This lamp design is by Nicolo Taliani of Italy. His lamp solves the perennial problem of long, dangling lamp electrical cords. If you are not fond of bundling up the cord with some unsightly tie, then it makes so much sense to incorporate that cord as part of the design of the lamp.
Hurdle Lighting was designed by Koreans Lee Suk Woo and Byeon Dong Jin, and received a Special Mention in the 2007 Lightouch Design Competition in Singapore. The light structure is designed to stand either horizontally (like its namesake) or vertically, more like a desk lamp.
he Trend Forum at the show forecast that one of the next trends for the home will be lighting “infused with allusions of nature: in organic forms, in the spectrum of natural colors and the world of bud, leaf and plant motifs.” Lighting inspired by nature softens the feel of cold, contemporary or bare spaces by adding softer lines and an organic feel to the room.
When you look at this lamp design it seems as if a strange creature is sliding down a rope. Gently and almost weightlessly, radiating a warm and graceful light. Alien. Available in two different sizes and four variations, as pendant, table, floor lights, and outdoor. The lights are being manufactured and sold by Next, and are be available to purchase since September 2008, designed by Büro für Form.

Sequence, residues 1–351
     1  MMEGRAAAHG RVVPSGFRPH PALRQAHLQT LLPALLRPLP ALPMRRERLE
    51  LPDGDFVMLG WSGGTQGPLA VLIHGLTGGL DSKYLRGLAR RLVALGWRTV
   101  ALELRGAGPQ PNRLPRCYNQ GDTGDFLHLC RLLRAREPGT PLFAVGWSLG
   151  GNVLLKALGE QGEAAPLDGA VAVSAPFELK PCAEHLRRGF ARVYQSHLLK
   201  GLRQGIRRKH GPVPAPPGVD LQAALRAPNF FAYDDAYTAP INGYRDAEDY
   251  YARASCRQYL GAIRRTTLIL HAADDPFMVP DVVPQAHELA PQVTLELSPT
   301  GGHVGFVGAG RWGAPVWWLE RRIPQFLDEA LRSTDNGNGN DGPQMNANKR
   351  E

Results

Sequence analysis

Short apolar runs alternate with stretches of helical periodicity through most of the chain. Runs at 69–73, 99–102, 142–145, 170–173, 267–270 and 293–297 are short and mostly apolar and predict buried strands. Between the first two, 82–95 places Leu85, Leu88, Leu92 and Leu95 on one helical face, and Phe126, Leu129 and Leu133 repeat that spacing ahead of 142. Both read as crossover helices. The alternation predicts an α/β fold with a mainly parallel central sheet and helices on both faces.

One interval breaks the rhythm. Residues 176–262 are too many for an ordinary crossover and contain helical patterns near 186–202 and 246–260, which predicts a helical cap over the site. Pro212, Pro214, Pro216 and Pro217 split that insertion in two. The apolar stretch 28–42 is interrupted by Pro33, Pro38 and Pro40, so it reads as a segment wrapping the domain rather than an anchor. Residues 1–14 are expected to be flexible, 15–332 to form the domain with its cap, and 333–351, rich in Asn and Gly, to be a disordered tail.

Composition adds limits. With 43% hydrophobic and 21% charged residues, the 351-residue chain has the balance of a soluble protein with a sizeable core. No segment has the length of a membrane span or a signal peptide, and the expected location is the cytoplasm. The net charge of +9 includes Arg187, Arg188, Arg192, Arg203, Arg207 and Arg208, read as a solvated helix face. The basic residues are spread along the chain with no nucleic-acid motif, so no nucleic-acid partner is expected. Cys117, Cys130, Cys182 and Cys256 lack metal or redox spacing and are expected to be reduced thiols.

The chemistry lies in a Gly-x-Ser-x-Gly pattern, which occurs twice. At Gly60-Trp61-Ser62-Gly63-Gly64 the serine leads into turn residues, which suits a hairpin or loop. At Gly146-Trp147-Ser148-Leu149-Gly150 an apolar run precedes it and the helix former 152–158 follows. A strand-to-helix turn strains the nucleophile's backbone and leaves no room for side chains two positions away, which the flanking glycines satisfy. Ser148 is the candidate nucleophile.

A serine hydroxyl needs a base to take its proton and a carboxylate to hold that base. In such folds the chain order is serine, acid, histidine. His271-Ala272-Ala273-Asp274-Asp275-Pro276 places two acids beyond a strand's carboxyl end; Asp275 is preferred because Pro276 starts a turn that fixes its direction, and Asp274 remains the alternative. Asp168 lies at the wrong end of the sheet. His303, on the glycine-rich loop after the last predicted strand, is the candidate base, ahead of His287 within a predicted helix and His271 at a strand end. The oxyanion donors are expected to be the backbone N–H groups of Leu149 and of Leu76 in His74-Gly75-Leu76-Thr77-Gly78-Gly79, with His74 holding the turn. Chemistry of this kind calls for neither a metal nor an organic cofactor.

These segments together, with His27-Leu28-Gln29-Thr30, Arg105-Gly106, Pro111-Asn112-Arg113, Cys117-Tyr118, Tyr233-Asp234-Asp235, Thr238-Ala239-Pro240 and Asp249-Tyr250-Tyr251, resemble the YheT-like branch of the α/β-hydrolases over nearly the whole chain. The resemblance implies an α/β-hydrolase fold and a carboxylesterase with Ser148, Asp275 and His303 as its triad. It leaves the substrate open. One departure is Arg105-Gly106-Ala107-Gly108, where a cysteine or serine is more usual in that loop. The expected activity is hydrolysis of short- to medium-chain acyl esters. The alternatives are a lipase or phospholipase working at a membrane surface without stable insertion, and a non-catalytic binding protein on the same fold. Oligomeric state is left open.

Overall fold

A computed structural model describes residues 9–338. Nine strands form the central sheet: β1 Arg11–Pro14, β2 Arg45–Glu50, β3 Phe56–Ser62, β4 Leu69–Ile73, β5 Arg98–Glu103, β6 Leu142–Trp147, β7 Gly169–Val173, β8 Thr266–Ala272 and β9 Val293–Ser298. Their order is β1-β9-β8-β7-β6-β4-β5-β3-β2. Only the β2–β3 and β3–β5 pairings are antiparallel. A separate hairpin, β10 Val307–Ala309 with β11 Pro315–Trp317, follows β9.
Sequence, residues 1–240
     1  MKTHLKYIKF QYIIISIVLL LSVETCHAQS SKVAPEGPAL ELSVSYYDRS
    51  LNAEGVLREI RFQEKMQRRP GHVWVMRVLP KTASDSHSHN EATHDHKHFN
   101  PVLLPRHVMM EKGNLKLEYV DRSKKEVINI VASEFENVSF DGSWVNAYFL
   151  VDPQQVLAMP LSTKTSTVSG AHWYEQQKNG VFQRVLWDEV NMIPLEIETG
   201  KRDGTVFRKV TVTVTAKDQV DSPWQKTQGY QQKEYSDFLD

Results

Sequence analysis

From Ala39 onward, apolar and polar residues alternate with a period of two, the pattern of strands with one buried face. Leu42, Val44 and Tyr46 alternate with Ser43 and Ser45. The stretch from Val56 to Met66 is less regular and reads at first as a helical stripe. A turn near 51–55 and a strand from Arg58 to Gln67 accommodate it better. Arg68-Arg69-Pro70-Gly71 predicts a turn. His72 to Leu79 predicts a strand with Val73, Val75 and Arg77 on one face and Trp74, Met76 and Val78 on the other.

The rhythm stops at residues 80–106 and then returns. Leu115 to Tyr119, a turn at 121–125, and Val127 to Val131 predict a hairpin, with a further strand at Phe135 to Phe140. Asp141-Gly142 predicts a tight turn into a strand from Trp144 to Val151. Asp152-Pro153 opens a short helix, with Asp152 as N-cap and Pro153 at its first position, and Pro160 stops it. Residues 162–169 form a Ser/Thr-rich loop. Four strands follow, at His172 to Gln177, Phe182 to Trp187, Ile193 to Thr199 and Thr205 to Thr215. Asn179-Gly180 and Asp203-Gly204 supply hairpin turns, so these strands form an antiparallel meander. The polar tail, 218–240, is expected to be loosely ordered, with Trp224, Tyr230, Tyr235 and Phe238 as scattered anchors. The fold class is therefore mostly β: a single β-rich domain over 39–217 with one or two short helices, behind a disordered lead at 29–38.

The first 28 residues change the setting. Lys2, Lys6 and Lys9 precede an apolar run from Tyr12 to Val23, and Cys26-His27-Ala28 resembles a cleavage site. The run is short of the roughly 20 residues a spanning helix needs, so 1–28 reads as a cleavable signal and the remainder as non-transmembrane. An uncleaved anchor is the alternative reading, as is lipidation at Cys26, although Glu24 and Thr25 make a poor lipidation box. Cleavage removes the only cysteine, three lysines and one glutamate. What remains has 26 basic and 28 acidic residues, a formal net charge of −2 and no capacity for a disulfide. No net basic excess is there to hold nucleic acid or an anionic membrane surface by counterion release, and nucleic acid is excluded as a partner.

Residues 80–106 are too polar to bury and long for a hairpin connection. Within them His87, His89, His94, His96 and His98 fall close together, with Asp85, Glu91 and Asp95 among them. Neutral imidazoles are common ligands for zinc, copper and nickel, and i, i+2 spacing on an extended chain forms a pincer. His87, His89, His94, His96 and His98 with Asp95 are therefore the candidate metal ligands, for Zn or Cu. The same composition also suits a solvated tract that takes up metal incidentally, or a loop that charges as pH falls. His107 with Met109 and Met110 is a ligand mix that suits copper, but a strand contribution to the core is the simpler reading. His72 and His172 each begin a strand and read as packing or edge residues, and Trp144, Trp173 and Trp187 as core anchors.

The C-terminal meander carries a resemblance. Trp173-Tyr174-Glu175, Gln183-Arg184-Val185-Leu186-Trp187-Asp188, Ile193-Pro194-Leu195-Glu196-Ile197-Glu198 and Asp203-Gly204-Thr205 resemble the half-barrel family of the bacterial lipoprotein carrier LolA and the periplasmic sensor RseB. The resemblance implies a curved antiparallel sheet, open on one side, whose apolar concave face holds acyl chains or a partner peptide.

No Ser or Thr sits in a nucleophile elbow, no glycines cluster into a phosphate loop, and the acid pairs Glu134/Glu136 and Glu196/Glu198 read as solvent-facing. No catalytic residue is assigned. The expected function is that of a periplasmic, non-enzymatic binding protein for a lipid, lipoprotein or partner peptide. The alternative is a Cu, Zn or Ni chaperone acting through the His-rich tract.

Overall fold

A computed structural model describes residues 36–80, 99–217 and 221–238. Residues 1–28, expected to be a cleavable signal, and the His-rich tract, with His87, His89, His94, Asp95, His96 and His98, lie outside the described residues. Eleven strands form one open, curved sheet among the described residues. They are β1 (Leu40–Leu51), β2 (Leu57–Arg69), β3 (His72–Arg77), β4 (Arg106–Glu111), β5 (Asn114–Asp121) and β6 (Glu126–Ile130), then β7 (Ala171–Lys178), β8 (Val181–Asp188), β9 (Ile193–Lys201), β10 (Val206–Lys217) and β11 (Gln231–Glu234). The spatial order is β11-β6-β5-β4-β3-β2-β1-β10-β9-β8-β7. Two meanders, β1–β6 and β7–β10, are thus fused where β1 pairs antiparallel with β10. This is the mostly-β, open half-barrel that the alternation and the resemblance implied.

Beautiful and with an imposing façade, the Cat Mountain Residence, designed by Cornerstone Architects in Austin, Texas, is quite unique, thanks to the special blend of neat contemporary notes in dialogue with the charming antique decorations.
Bellacor forecasts geometric lighting fixtures as one of the hottest lighting trends now. Its recommendation is to keep it simple: “Although geometric lighting fixtures invoke a minimalist aesthetic, they’re not just for modern and contemporary interiors.
In fact, you only need to push on one little thing to make him glow warmly! This humorous accent light is sure to be a conversation piece. Of course, sometimes the conversation gets a little embarrassing for him, so he pulls on his little lampshade. The 13-inch tall lamp uses 15-watt bulbs and is available for the discounted price of $99 from here.
The lamp uses LED technology which allows low electricity consumption. Electricity is transferred between the lamp and its base via magnetic induction with no visible connection. According to the designer, “the ceramic material plays an important role by transporting the user back to a time of candle-holders and hand-lamps by means of its appearance and feel and primarily by the way it is held.”